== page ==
right hand man. with us, we have a panel to talk about it. a lot of titles for you both. i'm thrilled to have you here. let me start off with what do you think is in this letter from kim jong-un? a week ago president trump in his note to kim jong-un said, hey, do not hesitate to call me or write me. apparently kim jong-un is not hesitating to do that. >> my guess would be kim jong-un if he's smart, and i think he is smart, and he has good intelligence agents and the chinese whispering to him, he'll flatter the president. he'll say yes, we should work together because only the two of us can solve this national security crisis, if you lo, or dilemma, and bing peace to the korean peninsula. i think he's ignoring trump saying we have a bigger nuclear arsenal and be smooth talking. >> first, we don't know, but both sides desperately want this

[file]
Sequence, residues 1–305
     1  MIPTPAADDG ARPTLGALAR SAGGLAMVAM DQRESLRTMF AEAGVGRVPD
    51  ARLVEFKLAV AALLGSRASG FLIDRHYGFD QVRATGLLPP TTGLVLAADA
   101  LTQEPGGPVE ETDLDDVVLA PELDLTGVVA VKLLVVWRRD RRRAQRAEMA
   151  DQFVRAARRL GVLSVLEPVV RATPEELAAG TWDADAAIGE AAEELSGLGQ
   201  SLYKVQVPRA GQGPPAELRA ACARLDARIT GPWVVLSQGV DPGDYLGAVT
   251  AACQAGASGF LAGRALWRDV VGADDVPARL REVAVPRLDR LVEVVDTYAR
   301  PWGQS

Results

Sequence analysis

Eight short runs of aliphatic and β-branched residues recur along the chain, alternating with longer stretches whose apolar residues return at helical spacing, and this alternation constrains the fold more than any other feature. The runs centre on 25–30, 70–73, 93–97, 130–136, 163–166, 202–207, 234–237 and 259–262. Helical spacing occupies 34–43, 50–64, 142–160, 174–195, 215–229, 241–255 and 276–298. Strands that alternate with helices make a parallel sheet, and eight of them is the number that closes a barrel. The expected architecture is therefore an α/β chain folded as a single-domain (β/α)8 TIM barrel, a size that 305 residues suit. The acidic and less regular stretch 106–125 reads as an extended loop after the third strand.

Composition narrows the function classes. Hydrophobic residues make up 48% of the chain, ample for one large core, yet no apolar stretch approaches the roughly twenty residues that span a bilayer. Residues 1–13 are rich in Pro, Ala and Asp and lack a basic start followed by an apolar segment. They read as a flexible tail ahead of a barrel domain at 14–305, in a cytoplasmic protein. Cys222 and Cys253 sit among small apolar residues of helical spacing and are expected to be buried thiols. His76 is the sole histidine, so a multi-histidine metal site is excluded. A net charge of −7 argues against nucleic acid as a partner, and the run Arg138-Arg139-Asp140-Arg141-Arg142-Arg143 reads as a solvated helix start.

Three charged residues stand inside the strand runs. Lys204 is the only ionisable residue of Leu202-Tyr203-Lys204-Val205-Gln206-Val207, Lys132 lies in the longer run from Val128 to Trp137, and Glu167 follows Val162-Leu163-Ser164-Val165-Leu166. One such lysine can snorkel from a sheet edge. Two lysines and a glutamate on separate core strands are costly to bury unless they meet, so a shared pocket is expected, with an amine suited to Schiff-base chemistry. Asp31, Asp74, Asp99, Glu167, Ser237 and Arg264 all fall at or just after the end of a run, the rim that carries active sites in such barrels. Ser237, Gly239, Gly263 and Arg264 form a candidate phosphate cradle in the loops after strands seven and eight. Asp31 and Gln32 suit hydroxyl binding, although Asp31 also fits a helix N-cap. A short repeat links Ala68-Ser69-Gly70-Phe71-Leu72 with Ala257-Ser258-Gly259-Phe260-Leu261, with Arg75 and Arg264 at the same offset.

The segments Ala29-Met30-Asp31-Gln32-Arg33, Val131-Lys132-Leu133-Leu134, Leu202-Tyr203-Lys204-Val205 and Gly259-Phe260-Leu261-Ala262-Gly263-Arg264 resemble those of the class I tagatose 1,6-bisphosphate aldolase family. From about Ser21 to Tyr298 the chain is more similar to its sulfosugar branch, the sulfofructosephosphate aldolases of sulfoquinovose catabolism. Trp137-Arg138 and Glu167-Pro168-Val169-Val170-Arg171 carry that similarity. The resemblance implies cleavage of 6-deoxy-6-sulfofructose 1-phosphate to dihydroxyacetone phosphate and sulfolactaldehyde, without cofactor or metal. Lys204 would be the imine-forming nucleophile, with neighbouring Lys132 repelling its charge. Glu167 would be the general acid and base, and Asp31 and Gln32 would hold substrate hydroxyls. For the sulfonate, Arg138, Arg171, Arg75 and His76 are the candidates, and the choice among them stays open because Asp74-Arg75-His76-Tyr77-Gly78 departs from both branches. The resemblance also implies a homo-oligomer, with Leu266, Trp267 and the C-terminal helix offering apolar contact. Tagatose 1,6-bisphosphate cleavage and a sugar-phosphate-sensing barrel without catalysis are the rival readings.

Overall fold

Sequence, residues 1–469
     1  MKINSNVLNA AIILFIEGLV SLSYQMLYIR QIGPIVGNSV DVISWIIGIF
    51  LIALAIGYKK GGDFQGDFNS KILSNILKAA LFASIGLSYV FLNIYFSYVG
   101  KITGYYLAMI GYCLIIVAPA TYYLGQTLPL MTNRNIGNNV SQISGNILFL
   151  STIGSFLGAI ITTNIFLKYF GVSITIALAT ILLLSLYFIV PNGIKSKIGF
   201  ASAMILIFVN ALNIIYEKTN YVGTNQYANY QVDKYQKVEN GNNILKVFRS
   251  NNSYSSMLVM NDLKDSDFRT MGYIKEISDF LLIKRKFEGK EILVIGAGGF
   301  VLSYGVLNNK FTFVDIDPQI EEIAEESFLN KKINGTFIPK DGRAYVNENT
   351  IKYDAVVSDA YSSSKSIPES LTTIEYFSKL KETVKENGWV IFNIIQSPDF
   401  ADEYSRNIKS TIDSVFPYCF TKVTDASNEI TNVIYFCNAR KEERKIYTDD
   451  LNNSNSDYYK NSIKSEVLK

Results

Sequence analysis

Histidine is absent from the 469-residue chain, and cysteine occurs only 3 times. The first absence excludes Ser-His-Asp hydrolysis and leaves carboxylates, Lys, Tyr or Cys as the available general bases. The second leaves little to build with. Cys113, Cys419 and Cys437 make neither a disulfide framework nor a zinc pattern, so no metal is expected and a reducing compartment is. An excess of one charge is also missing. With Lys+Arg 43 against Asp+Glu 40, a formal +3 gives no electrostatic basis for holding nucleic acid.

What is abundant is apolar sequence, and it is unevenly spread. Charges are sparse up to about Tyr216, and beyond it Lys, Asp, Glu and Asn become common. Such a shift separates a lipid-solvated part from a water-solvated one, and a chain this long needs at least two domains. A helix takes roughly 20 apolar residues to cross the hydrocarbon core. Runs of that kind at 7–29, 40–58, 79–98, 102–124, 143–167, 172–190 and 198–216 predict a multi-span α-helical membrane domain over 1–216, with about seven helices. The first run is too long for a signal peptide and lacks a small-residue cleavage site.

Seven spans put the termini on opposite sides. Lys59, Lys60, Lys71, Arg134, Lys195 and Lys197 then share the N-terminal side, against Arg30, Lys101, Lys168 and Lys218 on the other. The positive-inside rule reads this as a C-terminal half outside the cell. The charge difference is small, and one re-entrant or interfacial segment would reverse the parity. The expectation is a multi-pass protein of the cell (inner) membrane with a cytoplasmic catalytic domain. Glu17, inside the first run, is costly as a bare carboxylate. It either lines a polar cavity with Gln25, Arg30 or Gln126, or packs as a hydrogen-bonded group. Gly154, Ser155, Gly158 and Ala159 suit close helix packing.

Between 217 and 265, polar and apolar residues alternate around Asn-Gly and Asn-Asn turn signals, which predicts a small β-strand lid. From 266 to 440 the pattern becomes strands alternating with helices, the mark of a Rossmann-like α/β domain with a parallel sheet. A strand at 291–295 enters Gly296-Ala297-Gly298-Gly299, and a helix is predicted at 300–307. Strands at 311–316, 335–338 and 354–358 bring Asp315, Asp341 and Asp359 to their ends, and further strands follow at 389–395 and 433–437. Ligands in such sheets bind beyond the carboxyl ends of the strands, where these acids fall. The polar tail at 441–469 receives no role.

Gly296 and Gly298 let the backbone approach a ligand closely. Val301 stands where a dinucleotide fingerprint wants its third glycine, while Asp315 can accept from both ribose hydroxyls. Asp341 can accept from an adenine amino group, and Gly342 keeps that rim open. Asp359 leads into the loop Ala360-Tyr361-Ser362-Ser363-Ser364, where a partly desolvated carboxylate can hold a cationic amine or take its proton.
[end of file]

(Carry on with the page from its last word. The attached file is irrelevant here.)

meeting to take place. i think president trump threw him off their game when he threw him off the meeting. it's not going to be provocative. he has easily achievable goals, kim jong-un. he wants to be recognized as a nuclear power. he has already gotten that, essentially. he wants to be recognized as a global lead bier by sitting dow with trump. he wants to clearly get economic restraints relieved, and finally i think he wants the u.s. out of south korea and probably out of japan too. so he'll -- >> not quite so achievable? >> i agree. and what he'll never do is denuclear. the idea of denukes isn't happening. >> john brennan echoed that this morning on "morning joe" talking about that being a realistic possibility or not. coming after kim jong-un, said overnight, he'll recommit to denuclearization. that is a song and dance we've